Cold Mice Skewing Data?

Another study finds that housing experimental mice at lower-than-optimal temperatures may alter research outcomes, this time with regard to inflammation and diet.

Bob Grant
Bob Grant

Bob Grant is Editor in Chief of The Scientist, where he started in 2007 as a Staff Writer.

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Nov 16, 2015

WIKIMEDIA, RAMAMice held at typical laboratory temperatures (about 22° C) and fed a high-fat diet to promote obesity and a high-cholesterol diet to encourage atherosclerosis suffer less inflammation than mice fed the same diets but held at 30° C, which is closer to the animal’s optimum operating temperature. The findings, which were published in Cell Metabolism earlier this month (November 5), add to a growing body of literature that highlights important—but often unaccounted for—effects of low temperatures in mouse studies that seek to approximate human biology.

Mice housed at 20-26° C—which is below their “thermoneutral zone” of 30-32° C and is the convention for animals involved in biomedical studies—expend more energy than they normally would and exhibit symptoms of physiological stress, such as elevated heart rates, faster weight gain, higher respiration rates, and increased blood lipids. But the new study, conducted by an international team of researchers, suggests...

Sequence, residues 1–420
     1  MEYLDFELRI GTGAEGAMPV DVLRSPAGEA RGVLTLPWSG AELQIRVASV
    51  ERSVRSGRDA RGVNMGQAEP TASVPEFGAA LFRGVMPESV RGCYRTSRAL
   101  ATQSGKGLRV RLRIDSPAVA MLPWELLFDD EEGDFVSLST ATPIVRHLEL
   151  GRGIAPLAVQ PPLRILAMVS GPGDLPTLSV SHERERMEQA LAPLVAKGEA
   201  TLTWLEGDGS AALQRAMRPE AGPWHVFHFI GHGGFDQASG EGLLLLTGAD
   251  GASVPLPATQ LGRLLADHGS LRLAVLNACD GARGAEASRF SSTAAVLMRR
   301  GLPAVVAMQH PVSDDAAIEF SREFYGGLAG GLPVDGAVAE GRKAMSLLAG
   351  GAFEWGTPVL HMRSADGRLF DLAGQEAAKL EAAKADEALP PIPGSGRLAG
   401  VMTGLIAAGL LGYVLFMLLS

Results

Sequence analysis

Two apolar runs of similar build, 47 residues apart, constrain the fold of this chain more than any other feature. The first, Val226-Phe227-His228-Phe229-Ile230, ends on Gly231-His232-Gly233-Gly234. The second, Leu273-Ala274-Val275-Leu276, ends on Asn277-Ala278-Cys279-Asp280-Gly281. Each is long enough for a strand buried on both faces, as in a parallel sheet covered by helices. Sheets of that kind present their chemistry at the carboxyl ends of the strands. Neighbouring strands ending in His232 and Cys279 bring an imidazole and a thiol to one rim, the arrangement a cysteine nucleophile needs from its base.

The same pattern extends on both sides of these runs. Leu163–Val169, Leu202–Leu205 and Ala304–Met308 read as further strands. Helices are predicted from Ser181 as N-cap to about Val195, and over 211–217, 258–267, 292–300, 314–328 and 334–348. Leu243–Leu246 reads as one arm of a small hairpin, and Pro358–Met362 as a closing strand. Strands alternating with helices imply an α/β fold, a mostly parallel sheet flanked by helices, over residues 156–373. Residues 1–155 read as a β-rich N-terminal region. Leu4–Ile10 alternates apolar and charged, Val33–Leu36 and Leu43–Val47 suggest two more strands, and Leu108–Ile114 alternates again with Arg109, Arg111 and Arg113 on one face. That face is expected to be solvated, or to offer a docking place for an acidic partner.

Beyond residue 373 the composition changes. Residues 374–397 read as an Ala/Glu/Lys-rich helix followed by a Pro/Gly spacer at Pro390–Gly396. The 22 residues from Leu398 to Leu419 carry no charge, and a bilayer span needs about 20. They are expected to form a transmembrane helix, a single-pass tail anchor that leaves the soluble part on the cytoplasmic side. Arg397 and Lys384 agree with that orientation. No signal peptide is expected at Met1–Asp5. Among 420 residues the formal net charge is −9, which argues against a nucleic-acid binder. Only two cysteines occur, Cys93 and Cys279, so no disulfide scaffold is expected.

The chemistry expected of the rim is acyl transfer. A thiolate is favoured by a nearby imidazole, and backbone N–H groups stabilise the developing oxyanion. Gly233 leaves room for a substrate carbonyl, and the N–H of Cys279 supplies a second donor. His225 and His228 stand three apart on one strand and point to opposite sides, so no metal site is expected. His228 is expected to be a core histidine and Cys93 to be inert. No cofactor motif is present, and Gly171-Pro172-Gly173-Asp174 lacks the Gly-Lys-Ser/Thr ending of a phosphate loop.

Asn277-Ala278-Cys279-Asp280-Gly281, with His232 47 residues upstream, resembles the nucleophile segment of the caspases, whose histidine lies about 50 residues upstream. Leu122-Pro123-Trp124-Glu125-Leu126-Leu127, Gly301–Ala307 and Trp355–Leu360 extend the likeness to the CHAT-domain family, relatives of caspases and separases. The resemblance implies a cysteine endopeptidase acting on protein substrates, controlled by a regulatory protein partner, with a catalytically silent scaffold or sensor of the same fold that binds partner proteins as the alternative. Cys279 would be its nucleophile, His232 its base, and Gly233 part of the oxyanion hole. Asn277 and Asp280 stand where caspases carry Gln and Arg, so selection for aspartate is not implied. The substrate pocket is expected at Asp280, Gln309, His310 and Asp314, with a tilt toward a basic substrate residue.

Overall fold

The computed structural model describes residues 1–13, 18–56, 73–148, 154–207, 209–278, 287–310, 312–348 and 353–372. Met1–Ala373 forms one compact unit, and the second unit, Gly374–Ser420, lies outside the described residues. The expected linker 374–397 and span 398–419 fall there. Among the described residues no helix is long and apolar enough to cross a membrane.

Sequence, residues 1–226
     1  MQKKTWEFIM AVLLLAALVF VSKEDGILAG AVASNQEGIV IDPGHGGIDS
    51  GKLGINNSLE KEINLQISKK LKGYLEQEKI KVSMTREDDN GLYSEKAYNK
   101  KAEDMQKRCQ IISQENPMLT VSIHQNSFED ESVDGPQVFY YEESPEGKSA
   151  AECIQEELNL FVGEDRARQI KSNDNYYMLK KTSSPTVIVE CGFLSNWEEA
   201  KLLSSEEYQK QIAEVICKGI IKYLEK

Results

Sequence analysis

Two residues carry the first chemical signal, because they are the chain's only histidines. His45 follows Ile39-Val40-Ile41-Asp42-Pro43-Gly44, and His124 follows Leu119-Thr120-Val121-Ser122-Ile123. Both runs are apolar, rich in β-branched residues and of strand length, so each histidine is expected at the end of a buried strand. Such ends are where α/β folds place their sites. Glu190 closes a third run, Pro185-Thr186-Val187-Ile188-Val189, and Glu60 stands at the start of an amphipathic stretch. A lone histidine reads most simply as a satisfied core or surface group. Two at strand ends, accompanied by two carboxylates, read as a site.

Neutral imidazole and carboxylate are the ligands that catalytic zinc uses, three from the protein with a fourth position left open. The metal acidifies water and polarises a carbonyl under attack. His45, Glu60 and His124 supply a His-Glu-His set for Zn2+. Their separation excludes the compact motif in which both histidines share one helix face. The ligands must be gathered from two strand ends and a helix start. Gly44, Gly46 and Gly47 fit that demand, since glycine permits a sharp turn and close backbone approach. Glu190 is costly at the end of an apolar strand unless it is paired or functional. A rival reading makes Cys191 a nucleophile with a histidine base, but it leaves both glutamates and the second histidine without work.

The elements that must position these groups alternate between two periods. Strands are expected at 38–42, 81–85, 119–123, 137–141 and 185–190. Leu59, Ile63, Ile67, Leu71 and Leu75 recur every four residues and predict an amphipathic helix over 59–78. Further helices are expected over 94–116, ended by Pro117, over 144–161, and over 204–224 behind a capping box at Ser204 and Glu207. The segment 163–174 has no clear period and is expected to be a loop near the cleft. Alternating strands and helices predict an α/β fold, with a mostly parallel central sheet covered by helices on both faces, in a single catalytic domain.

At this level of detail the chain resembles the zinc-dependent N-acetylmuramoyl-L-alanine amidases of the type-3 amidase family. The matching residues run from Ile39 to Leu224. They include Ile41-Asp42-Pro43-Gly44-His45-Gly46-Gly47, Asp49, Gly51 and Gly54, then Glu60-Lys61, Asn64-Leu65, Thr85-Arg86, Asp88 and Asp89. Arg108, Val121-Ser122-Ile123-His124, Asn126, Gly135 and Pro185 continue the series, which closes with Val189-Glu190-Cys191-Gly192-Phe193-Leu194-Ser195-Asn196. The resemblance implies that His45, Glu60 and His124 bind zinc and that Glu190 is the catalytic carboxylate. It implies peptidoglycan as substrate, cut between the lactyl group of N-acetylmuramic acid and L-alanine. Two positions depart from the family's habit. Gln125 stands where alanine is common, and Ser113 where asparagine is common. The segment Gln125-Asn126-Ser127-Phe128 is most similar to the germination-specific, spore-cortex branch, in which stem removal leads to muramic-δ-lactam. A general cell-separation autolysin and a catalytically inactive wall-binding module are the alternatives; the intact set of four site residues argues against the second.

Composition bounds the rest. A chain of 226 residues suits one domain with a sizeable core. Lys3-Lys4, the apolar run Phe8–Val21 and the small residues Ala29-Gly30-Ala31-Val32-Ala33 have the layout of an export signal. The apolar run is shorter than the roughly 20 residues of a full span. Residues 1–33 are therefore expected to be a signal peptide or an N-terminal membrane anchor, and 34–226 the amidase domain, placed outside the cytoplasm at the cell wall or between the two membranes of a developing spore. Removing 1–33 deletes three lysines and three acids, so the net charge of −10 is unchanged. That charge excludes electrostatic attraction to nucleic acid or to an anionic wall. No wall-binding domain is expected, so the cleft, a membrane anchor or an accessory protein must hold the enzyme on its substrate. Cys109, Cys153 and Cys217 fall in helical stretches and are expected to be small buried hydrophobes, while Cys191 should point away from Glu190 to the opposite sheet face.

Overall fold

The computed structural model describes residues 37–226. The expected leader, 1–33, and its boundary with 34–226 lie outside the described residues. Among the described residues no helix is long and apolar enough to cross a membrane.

Chawla and his colleagues housed one group of mice at 22° C and another at 30° C and fed them high-fat and high-cholesterol diets to study atherosclerosis and insulin resistance, two common results of metabolic disease in humans. They found that the warmer mice suffered more inflammation, and that inflammation contributed to the development of atherosclerosis. Surprisingly, the increased inflammation did not contribute significantly to insulin resistance.

Earlier work has suggested that colder mice may grow several types of tumors faster and more aggressively than mice held closer to their thermoneutral zone. 

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Cold Mice Skewing Data?

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